Including children with autism alongside typically developing peers is commonly done in school settings to provide social opportunities and social experiences. However, there is limited research describing the naturally occurring interactions between children with autism and their peers as a result of such placements. We examined the naturally occurring social interactions of 3 students with autism when placed in a playground setting with typically developing peers. Results show that participants rarely engaged in social behavior with peers during inclusive experiences and adult staff rarely facilitated social interactions between children with autism and typically developing peers. This study provides additional evidence that mere exposure to typically developing children is not the mechanism by which students with autism gain meaningful social experiences. Creating inclusive experiences that result in social interactions likely require additional, systematic interventions designed to facilitate those interactions.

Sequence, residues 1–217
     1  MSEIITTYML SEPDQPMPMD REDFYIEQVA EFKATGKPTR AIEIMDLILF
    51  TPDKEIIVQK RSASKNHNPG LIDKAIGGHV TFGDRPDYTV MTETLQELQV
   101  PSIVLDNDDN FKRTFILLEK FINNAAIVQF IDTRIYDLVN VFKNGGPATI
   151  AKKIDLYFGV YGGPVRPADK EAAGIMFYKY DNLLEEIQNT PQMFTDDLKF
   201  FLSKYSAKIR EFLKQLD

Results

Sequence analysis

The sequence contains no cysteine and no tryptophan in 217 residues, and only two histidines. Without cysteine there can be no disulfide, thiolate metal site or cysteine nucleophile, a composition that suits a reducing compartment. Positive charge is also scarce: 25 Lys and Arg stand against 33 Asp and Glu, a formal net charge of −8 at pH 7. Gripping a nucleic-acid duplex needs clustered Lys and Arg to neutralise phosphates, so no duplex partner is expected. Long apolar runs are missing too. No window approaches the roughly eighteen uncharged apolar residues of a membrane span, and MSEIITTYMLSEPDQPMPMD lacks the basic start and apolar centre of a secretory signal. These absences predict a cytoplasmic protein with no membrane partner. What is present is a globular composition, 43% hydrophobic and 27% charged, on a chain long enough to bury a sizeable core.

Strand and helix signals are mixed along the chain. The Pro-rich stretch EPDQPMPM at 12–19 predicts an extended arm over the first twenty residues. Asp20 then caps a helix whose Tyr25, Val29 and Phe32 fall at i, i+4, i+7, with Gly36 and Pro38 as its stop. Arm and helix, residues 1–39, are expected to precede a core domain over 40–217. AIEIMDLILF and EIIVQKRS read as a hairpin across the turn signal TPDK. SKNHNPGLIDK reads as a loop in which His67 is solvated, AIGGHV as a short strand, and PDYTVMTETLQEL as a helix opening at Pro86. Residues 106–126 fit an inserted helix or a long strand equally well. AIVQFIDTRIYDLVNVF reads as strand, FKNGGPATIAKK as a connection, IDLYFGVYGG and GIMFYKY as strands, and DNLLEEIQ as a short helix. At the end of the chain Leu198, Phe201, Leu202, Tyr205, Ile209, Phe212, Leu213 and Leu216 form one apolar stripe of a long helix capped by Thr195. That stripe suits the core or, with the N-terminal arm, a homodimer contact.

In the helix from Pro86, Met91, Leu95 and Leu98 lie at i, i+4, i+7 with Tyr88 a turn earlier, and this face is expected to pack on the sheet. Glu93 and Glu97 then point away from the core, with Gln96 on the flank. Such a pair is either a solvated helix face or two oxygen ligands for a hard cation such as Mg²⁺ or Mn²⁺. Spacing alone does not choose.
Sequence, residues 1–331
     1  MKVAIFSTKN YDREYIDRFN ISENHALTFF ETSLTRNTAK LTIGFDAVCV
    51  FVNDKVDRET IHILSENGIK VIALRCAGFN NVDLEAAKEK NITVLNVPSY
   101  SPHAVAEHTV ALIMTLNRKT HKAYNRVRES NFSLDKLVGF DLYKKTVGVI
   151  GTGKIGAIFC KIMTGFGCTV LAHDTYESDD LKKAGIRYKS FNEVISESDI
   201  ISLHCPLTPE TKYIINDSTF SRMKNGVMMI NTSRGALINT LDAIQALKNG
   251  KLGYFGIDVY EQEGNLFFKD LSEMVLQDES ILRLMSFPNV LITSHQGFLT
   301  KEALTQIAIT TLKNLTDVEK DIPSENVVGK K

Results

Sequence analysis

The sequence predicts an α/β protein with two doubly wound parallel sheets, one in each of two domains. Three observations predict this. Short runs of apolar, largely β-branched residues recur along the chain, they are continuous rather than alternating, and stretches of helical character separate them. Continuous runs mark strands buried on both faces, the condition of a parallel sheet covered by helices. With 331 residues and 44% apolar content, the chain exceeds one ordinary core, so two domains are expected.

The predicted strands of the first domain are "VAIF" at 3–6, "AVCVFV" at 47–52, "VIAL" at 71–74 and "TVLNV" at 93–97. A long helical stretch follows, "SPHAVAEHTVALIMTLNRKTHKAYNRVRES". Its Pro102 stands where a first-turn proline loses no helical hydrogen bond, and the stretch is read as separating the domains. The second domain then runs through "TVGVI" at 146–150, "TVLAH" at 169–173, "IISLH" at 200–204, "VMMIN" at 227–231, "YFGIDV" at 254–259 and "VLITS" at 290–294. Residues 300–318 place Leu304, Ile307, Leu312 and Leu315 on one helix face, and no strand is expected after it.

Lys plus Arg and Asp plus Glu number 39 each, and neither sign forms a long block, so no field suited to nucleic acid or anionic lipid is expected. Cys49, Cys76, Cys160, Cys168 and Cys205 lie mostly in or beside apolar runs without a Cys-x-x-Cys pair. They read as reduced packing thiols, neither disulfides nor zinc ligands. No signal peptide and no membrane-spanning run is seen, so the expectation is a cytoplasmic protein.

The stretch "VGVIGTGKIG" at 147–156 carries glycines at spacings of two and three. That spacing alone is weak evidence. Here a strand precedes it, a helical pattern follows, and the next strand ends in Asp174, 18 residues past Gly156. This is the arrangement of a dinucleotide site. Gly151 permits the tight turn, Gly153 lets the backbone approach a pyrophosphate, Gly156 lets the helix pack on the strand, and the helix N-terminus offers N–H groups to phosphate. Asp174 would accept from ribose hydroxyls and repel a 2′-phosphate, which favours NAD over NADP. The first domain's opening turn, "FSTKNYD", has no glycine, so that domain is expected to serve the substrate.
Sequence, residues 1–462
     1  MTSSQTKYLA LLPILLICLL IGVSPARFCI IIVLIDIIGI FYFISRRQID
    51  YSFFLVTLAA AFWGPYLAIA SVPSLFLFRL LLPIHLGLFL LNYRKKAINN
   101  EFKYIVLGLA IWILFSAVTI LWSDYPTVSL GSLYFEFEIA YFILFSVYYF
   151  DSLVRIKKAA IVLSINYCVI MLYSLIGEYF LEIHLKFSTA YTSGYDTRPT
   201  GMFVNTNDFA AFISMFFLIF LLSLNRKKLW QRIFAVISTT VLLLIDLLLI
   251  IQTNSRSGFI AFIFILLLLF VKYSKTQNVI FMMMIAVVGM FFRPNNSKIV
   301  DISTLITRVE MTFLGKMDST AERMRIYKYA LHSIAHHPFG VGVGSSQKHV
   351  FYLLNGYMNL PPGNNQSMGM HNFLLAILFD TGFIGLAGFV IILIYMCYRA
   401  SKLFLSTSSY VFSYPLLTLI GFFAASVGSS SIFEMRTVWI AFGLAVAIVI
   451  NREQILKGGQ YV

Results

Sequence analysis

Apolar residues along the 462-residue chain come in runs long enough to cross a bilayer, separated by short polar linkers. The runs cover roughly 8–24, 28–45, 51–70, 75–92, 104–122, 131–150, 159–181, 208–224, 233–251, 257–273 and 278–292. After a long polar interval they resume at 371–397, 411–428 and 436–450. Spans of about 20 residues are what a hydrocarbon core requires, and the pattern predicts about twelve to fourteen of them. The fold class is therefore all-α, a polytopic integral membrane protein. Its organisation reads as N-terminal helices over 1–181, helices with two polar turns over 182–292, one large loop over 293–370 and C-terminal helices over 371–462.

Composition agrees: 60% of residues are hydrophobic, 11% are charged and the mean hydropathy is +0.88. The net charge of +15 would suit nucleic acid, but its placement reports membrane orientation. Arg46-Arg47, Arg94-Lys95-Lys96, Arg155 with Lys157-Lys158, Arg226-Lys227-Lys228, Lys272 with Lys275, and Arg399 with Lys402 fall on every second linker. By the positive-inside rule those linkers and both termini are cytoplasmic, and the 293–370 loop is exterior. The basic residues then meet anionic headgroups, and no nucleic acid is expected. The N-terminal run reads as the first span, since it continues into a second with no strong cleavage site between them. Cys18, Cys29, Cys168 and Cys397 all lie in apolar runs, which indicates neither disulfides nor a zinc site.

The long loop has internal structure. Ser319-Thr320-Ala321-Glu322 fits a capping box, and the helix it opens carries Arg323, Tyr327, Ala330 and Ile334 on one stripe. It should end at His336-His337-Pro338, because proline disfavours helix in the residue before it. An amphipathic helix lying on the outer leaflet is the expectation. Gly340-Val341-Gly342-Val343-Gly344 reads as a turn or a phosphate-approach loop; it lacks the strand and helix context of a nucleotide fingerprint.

|Original language||English (US)|
|Number of pages||5|
|Journal||International Journal of Special Education|
|State||Published - Dec 1 2007|
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